If you want to have an interesting conversation with a friend, try asking a worst and best question.
They can go something like this:
What was the worst holiday or meal or job you ever had and what was the best? My answers might be around Sumatra and Switzerland, chicken claws and Pavlova, delivering newspapers and serving in a congregation.
If I bump into you in the next few weeks, beware, I might ask a worst and best question.
Several years ago, I read about Baroness Caroline Cox, a scientist, former Deputy Speaker in the House of Lords and a committed Christian.
A journalist once asked her one of those worst and best questions. She had recently returned from war-torn Sudan and began to relate one of her worst experiences.
She arrived in a Dinka village just after a band of government soldiers had left. The stench of death was everywhere.
More than a hundred corpses lay where they had been savagely butchered. Straw huts were burning and crops razed, children carried off to slavery; nothing but death, destruction and depravity.
The journalist quickly moved on and asked: “what about one of your best moments?”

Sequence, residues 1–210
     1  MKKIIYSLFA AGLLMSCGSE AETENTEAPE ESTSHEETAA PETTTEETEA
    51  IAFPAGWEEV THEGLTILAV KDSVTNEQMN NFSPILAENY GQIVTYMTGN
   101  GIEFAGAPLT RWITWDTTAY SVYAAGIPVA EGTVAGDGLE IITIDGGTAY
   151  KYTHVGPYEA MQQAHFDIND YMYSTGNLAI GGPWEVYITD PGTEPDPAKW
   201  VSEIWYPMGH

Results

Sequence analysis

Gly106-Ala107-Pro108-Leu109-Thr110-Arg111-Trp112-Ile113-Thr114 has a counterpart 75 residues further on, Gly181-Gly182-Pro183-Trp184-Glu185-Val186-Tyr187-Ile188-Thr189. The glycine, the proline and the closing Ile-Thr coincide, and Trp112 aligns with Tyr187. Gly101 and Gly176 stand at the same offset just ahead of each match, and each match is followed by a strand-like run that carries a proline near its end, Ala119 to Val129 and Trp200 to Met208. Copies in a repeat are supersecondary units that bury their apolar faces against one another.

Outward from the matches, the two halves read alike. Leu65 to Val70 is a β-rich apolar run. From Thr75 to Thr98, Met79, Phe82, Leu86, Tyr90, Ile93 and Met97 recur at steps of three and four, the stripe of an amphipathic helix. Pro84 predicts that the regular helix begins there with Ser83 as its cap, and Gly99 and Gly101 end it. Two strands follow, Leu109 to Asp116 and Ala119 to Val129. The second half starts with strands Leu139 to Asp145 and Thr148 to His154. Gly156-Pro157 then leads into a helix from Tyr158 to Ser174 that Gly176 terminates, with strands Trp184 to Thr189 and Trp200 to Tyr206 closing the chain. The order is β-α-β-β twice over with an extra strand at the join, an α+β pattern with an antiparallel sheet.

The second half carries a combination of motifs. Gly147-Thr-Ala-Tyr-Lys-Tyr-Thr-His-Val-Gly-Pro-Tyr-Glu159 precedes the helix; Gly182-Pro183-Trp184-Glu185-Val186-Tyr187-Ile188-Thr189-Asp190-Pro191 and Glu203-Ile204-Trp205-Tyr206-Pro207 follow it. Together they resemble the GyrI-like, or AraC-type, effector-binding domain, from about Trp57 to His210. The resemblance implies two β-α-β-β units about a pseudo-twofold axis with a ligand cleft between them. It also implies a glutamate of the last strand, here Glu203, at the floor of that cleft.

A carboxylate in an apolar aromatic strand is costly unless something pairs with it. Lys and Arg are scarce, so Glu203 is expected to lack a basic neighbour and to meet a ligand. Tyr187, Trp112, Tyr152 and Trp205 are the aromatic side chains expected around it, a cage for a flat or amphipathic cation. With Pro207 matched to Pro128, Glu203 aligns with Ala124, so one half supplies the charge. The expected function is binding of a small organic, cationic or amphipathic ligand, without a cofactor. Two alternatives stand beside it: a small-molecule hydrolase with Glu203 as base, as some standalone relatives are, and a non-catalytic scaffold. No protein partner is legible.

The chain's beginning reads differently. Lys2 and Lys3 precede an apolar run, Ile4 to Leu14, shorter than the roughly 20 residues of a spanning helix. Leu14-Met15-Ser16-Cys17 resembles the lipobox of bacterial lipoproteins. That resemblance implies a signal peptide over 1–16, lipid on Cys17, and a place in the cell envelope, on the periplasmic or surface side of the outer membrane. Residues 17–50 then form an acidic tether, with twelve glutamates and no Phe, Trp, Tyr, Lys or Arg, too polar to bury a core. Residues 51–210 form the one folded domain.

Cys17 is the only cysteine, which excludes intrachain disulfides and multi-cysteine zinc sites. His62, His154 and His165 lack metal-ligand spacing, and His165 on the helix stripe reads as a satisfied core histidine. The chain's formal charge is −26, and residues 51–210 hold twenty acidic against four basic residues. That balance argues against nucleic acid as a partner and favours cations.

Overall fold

Baroness Cox paused and replied, it happened a few minutes later in the same devastated Sudanese village.
There were a few women who had managed to hide and survive. They wiped away their tears and instinctively made tiny crosses out of sticks laying on the ground.
They pushed them into the blood-soaked earth. Why?
The crosses were not primarily grave markers but symbols of hope and acts of faith.
As followers of Jesus of Nazareth, they believed that God entered into their pain and that in the face of evil and loss – they were not alone.
In our worst and best moments, God is invisibly present to comfort, uphold, guild and even teach us.
Jesus was the best God could give and suffered the worst the world could give: crucifixion and death.
My prayer is that the faith that upheld those Dinka women will uphold you and I.
Rev Steve Francis